Manufacturing problems and material shortages mean it’s becoming harder to produce the promised product.
Central Europe needs to get on the EV train, and fast
It’s survival of the fittest: Central Europe will be left behind unless they begin to speed up their transition to EVs. Recently, the prime minister of the Czech Republic criticized the EU’s Green Deal as an “existential threat”, due to the importance of the car industry to its economy. However, while this may be the case, it is also because the country has not prepared effectively enough to handle the transition to EVs, Politico reports. With Brussels setting a goal of climate neutrality by 2050, whether or not the Czech Republic will be able to keep up is another question entirely.
Currently, Europe is building its EV industry with major carmakers deciding where the EV only factory hubs will be. Slovakia is a frontrunner in Central Europe at the moment, so if the Czech Republic wants to keep up and remain a major car producer, it will need to step up its game. It does remain a contender to be chosen for a gigafactory – but with millions of jobs on the line, it remains important that the country allocate more funding to the production of EVs, as well as incentives for its population to switch from gas to electric. With other Central European countries eager to secure a place in what is looking like an overhaul of the car industry, it is truly a race to see who will come out on top.
Great expectations? Volkswagen claims it will overtake Tesla
Volkswagen’s chief executive Herbert Diess is making plans. As in, planning to overtake Tesla as the world’s largest seller of EVs by 2025. That’s what he’s claiming will happen, anyway. According to Diess, the automaker will be able to leverage some momentum from the relief of supply chain issues. Tesla, on the other hand, is currently opening new plants and might therefore find it difficult to ramp up more, CNBC reports. Diess claims that despite production issues and material shortages, which have been rampant in the EV industry since the start of the coronavirus pandemic, there are signs that the car giant will be producing better results in the second half of the year.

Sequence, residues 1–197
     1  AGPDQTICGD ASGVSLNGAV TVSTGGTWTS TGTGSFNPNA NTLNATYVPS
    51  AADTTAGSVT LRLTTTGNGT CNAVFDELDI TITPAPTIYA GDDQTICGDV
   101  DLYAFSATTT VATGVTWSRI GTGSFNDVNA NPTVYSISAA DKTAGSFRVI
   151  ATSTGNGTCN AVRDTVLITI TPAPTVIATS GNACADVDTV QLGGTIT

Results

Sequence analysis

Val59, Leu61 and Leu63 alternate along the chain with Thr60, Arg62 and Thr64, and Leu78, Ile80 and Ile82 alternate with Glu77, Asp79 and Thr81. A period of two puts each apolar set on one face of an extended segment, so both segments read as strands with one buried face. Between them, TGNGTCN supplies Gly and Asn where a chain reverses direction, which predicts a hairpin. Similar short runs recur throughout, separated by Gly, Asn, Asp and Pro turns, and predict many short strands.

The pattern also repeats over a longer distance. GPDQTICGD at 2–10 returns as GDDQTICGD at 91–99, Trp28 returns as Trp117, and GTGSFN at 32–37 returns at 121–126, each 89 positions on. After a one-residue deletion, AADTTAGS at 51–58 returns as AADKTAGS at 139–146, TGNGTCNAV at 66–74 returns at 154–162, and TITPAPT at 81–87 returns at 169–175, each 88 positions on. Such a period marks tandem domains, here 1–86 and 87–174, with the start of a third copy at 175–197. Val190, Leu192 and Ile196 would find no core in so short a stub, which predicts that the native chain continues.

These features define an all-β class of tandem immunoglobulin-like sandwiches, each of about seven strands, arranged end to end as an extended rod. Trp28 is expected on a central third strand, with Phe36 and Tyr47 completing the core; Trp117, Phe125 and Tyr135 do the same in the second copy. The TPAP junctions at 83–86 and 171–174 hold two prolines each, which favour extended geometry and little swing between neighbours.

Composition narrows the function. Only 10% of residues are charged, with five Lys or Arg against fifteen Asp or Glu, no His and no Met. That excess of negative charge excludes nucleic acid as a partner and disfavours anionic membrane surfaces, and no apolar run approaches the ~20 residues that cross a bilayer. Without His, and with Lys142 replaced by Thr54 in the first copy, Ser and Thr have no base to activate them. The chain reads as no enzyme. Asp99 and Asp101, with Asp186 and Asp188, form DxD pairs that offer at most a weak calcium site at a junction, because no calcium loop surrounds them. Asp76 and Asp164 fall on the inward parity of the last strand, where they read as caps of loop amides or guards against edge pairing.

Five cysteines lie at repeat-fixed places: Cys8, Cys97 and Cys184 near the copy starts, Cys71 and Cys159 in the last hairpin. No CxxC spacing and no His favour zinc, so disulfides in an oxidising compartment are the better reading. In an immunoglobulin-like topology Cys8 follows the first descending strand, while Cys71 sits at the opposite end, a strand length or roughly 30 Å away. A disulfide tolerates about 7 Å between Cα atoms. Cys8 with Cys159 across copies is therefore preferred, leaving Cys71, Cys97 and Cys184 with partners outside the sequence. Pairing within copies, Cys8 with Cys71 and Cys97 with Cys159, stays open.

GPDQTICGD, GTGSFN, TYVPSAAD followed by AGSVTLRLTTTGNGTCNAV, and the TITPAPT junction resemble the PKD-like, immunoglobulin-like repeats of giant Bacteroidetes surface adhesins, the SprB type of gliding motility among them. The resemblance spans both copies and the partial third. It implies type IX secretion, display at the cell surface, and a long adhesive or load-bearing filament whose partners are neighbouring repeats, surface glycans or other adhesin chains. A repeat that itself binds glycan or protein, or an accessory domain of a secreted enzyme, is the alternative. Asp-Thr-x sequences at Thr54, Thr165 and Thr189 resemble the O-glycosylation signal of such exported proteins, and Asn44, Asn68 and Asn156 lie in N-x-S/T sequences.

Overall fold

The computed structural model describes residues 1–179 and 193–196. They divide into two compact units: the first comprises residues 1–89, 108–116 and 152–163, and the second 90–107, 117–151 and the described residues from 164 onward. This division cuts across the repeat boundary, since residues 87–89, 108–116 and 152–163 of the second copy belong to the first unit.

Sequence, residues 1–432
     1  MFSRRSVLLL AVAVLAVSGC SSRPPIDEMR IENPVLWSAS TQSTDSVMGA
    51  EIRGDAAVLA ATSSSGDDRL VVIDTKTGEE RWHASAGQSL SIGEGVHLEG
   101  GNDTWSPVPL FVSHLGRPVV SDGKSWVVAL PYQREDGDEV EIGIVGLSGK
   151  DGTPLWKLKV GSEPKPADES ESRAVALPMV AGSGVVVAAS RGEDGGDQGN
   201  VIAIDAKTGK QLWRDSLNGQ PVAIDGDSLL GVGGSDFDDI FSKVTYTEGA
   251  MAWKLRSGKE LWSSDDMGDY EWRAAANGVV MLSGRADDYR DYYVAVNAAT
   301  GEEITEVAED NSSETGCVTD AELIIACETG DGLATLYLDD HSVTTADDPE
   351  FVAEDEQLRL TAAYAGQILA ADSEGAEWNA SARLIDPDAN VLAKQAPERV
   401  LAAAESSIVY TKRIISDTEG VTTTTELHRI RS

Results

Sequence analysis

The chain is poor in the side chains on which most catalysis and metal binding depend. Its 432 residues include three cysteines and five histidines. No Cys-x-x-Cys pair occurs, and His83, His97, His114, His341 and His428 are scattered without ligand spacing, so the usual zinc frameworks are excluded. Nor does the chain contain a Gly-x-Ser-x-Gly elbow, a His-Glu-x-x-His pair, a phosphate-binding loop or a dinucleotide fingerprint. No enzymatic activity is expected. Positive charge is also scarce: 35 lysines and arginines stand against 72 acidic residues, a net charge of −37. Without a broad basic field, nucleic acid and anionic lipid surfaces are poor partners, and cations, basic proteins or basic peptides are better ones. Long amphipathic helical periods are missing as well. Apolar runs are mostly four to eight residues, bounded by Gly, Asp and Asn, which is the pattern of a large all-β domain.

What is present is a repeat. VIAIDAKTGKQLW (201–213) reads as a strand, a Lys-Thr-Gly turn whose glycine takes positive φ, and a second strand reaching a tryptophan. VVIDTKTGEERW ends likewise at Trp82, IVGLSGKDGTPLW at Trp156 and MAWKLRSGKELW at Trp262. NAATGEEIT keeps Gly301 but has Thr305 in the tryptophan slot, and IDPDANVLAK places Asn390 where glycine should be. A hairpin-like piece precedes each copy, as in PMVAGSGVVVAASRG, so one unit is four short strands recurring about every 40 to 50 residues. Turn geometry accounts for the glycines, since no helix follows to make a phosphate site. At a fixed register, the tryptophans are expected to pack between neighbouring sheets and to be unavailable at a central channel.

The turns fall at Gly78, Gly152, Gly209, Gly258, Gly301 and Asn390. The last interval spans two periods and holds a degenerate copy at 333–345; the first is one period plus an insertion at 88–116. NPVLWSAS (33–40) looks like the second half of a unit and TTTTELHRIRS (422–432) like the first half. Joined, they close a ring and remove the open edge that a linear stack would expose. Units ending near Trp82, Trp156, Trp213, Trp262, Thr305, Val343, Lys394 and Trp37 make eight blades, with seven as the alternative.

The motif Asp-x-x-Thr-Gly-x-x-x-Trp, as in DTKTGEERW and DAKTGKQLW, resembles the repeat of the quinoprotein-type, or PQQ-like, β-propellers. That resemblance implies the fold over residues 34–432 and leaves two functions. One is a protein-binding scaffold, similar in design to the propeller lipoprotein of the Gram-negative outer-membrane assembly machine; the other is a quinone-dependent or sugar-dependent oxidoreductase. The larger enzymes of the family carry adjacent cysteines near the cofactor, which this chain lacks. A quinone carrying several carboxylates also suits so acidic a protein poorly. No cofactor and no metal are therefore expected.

However, Volkswagen’s Frankfurt listed shares traded 0.9% lower on Tuesday morning, alongside the losses being seen in the auto sector on the pan-European Stoxx 600. What Diess says may be true, but automaker rivalries aside, the EV industry still has a way to go before shortages smooth out, and production becomes easier.
EV prices soar as essential materials get more expensive
EVs are getting expensive. Automakers are raising prices for their electric vehicles, in order to combat changing market conditions and soaring commodity costs, CNBC reports. Even though batteries have been getting cheaper over the years, battery minerals are becoming increasingly scarce, which may soon lead to an increase in price. The surge in EV sales may slow down as a result, hindering the transition from gas to electric that has picked up its pace in recent years.
EV automakers such as Tesla and Rivian have already hiked the prices on their EVs, with most of their vehicles significantly more expensive than they were at the beginning of 2021. Other automakers are seemingly following suit, with GM having recently increased prices on its Cadillac Lyriq crossover EV by $3,000. With oil prices also surging, it remains to be seen if customers are willing to shell out more for a coveted EV, or if it’ll dampen the EV enthusiasm that is currently sweeping across the world.